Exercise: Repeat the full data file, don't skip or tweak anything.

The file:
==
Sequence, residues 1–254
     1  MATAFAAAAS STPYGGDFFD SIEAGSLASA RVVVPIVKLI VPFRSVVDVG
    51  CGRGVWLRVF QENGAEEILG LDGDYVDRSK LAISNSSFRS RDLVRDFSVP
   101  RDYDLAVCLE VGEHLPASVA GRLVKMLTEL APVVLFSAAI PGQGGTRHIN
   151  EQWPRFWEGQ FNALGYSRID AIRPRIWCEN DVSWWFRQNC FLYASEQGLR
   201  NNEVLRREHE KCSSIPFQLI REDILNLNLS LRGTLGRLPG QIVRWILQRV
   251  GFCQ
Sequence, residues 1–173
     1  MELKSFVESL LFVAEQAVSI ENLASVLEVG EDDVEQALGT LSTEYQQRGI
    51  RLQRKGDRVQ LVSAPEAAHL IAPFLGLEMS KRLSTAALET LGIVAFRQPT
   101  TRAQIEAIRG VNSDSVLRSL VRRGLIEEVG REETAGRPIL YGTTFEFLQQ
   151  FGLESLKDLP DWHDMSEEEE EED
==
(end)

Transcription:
Sequence, residues 1–254
     1  MATAFAAAAS STPYGGDFFD SIEAGSLASA RVVVPIVKLI VPFRSVVDVG
    51  CGRGVWLRVF QENGAEEILG LDGDYVDRSK LAISNSSFRS RDLVRDFSVP
   101  RDYDLAVCLE VGEHLPASVA GRLVKMLTEL APVVLFSAAI PGQGGTRHIN
   151  EQWPRFWEGQ FNALGYSRID AIRPRIWCEN DVSWWFRQNC FLYASEQGLR
   201  NNEVLRREHE KCSSIPFQLI REDILNLNLS LRGTLGRLPG QIVRWILQRV
   251  GFCQ
Sequence, residues 1–173
     1  MELKSFVESL LFVAEQAVSI ENLASVLEVG EDDVEQALGT LSTEYQQRGI
    51  RLQRKGDRVQ LVSAPEAAHL IAPFLGLEMS KRLSTAALET LGIVAFRQPT
   101  TRAQIEAIRG VNSDSVLRSL VRRGLIEEVG REETAGRPIL YGTTFEFLQQ
   151  FGLESLKDLP DWHDMSEEEE EED